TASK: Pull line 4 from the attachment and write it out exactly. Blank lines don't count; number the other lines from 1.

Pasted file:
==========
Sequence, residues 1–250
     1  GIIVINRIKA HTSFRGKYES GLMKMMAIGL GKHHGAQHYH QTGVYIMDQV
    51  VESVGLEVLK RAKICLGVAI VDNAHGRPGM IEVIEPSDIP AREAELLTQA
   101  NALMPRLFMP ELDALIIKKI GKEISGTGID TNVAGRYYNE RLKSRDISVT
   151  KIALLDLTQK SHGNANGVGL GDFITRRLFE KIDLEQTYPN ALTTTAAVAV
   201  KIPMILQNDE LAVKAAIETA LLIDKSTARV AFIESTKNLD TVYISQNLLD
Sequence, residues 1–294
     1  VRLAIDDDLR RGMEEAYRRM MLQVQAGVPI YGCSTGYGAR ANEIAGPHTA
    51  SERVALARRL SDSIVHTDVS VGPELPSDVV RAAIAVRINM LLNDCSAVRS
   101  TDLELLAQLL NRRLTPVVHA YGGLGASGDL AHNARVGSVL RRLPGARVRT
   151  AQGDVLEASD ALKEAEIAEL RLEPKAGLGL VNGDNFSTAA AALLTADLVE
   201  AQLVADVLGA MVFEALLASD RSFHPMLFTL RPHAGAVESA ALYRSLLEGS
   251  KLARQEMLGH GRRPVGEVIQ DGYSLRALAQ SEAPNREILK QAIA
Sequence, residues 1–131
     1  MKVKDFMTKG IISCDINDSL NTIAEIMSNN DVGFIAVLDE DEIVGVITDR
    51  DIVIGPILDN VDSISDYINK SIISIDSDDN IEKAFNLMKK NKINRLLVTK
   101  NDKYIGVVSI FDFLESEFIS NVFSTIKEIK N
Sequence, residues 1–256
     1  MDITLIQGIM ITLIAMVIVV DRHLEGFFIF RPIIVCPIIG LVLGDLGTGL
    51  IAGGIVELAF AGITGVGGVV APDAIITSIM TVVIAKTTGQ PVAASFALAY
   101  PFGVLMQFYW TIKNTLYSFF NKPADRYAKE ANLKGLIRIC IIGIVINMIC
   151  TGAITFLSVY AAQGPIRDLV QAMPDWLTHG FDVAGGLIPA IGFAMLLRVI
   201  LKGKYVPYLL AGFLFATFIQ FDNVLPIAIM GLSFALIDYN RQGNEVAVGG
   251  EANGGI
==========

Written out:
   101  NALMPRLFMP ELDALIIKKI GKEISGTGID TNVAGRYYNE RLKSRDISVT